One challenge when covering medical conferences is that, depending on your publication’s needs, you often must conduct many interviews on the fly both with presenters and with attendees at the sessions.
Since many other people also are vying for the presenters’ attention, you might only be able to get in a few short questions after a session. Continue reading
Photo: Tim Gee via FlickrThe exhibit floor of the Healthcare Information and Management Systems Society (HIMSS) conference commanded 600,000 square feet of exhibit space.
So your editor wants you to cover health information technology at a conference. Whether it’s a product launch, upgrade or the policy implications of health IT, the prospect can be daunting.
In a new “How I Did It” article, veteran health IT journalist Neil Versel explains how he has covered health IT conferences in the past, including the gigantic HIMSS conference that takes place in Orlando every winter. Continue reading
Photo: Carla K. JohnsonMark Taylor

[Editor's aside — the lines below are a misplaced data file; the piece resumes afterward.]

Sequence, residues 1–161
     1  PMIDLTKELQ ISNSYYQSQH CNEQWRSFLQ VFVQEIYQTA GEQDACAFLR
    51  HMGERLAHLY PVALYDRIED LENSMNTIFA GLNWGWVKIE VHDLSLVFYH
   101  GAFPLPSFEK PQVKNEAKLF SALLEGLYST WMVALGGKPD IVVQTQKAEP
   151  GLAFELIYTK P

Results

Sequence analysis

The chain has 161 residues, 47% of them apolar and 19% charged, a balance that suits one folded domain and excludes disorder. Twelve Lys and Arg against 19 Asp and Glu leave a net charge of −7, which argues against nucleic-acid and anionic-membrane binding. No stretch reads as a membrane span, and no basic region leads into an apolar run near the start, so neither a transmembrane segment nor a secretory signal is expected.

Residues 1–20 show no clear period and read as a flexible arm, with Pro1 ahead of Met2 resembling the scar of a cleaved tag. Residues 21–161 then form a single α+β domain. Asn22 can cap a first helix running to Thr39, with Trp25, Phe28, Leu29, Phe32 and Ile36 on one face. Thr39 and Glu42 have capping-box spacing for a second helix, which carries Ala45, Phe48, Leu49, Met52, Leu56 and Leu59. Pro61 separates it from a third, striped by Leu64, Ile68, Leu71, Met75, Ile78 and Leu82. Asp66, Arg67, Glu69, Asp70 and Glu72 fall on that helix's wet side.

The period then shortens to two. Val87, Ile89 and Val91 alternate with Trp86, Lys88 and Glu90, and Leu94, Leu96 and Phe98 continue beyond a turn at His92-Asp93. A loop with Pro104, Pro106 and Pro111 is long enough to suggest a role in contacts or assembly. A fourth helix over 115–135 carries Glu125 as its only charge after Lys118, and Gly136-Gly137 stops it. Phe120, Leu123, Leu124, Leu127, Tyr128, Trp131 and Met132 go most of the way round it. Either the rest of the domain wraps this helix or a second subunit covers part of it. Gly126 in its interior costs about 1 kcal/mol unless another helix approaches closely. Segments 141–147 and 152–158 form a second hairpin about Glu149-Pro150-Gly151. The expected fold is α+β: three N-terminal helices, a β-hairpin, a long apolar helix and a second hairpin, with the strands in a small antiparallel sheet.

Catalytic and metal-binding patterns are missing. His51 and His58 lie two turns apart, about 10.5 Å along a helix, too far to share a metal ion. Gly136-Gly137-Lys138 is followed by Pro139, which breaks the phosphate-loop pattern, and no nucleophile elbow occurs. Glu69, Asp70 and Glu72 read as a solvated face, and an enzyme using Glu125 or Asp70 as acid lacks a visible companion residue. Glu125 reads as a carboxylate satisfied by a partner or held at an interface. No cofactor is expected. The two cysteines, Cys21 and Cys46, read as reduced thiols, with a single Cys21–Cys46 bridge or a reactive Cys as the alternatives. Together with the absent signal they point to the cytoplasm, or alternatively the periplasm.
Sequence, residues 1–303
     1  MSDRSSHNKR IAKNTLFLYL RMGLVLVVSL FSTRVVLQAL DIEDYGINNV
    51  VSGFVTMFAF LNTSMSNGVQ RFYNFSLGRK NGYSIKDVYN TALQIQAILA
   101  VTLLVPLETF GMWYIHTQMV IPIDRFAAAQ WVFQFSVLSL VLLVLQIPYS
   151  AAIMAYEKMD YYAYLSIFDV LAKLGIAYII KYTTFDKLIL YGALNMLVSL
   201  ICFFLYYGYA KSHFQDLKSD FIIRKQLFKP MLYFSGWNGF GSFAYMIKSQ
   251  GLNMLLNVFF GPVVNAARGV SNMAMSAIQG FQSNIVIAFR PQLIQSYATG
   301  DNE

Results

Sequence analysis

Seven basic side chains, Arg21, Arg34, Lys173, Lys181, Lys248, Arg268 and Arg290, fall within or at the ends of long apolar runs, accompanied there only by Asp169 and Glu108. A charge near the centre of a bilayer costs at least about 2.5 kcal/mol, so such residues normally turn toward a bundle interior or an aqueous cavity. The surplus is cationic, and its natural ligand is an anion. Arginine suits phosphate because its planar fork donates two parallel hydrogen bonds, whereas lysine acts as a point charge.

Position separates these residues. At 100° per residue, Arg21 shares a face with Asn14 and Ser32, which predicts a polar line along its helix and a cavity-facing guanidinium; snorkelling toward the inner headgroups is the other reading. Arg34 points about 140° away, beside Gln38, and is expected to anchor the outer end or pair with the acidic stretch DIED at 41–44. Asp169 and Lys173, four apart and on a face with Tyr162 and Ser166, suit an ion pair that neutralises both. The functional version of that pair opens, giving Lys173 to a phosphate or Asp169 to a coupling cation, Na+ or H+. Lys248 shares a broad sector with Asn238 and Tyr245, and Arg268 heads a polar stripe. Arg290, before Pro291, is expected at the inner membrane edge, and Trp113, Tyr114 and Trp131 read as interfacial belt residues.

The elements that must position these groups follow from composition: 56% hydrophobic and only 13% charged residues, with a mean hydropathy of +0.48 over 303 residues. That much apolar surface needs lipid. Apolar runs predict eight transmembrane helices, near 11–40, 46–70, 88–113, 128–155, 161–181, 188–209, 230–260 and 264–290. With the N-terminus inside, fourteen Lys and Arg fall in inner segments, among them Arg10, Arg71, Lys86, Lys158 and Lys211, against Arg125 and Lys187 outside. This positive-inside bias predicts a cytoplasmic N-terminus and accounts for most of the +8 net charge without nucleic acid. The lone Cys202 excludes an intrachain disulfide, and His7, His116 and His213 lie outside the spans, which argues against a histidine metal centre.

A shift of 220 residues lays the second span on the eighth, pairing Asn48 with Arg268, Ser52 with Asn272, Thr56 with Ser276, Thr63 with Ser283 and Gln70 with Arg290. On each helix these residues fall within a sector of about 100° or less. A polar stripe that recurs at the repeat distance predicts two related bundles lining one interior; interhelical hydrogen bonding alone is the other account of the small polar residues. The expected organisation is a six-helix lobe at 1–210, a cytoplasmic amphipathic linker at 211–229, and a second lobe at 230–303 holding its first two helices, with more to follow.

How can journalists make the most of their time and energy when covering a scientific or professional conference?
Mark Taylor has covered more than a few scientific conferences in his two decades as a health care journalist. While he says that doesn’t qualify him as an expert, he does admit that “over the years I’ve painfully acquired a few tips for how to successfully cover such massive events.”
Most recently, he attended the annual Scientific Meeting of the Gerontological Society of America (as a GSA Journalism in Aging Fellow), which featured more than 500 presentations, symposia and poster sessions.
Following that meeting, Taylor shared his top 10 tips for efficiently covering scientific conferences. Find out what they are and then come back here to add your tips in the comments.